Smoking Ban Hits Home. Truly.
By Jesse McKinley
January 26, 2009
Belmont, Calif. — During her 50 years of smoking, Edith Frederickson says, she has lit up in restaurants and bars, airplanes and trains, and indoors and out, all as part of a two-pack-a-day habit that she regrets not a bit. But as of two weeks ago, Ms. Frederickson can no longer smoke in the one place she loves the most: her home.
Ms. Frederickson lives in an apartment in Belmont, Calif., a quiet Silicon Valley city that is now home to perhaps the nation’s strictest antismoking law, effectively outlawing lighting up in all apartment buildings.
“I’m absolutely outraged,” said Ms. Frederickson, 72, pulling on a Winston as she sat on a concrete slab outside her single-room apartment. “They’re telling you how to live and what to do, and they’re doing it right here in America.”
Edith Frederickson in a visit to her building’s smoking area.
And that the ban should have originated in her very building — a sleepy government-subsidized retirement complex called Bonnie Brae Terrace — is even more galling. Indeed, according to city officials, a driving force behind the passage of the law was a group of retirees from the complex who lobbied the city to stop secondhand smoke from drifting into their apartments from the neighbors’ places.
“They took it upon themselves to do something about it,” said Valerie Harnish, the city’s information services manager. “And they did.”
Public health advocates are closely watching to see what happens with Belmont, seeing it as a new front in their national battle against tobacco, one that seeks to place limits on smoking in buildings where tenants share walls, ceilings and — by their logic — air. Not surprisingly, habitually health-conscious California has been ahead of the curve on the issue, with several other cities passing bans on smoking in most units in privately owned apartment buildings, but none has gone as far as Belmont, which prohibits smoking in any apartment that shares a floor or ceiling with another, including condominiums.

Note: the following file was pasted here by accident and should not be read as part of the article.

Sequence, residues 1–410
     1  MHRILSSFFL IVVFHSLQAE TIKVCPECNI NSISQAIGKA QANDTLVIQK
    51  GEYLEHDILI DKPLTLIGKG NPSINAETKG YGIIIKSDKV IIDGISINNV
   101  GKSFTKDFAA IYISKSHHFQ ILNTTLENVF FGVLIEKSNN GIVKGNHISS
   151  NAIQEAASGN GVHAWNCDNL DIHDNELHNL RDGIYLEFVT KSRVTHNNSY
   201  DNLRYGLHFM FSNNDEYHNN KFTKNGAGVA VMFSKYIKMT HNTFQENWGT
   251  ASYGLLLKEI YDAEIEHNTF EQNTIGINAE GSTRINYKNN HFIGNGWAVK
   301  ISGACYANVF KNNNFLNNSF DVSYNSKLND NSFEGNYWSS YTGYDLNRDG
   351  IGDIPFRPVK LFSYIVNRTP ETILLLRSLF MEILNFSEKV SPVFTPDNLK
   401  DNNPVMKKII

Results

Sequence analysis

“I think Belmont broke through this invisible barrier in the sense that it addressed drifting smoke in housing as a public health issue,” said Serena Chen, the regional director of policy and tobacco programs for the American Lung Association of California. “They simply said that secondhand smoke is no less dangerous when it’s in your bedroom than in your workplace.”
At a local level, the debate over the law has divided the residents of the Bonnie Brae into two camps, with the likes of Ms. Frederickson, a hardy German émigré, on one side, and Ray Goodrich, a slim 84-year-old with a pulmonary disease and a lifelong allergy problem, on the other.
Ray Goodrich helped lead a successful campaign to ban
smoking in many apartment units.
And, as with all combatants, there is a mix of respect and animosity.
“She is one tough old woman,” Mr. Goodrich said.
Ms. Frederickson is less loving.
“I would not acknowledge that man for anything in the world,” she said. “He started this as a vendetta against other residents.”
A soft-spoken North Carolinian who grew up playing in tobacco warehouses as a child, Mr. Goodrich hardly seems the vendetta type, but he did say he noticed smoke drifting in from neighbors’ rooms soon after he moved into Bonnie Brae in 1998.